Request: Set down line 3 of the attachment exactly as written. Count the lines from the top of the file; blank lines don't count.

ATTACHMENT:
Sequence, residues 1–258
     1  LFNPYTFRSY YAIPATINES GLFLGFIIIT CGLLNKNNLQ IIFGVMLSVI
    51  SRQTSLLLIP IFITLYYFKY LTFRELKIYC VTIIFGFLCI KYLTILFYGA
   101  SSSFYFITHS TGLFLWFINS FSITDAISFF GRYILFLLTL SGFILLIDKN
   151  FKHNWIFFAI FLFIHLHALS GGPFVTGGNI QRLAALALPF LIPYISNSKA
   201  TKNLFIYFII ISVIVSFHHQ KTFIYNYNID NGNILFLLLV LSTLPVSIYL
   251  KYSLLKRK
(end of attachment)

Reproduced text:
    51  SRQTSLLLIP IFITLYYFKY LTFRELKIYC VTIIFGFLCI KYLTILFYGA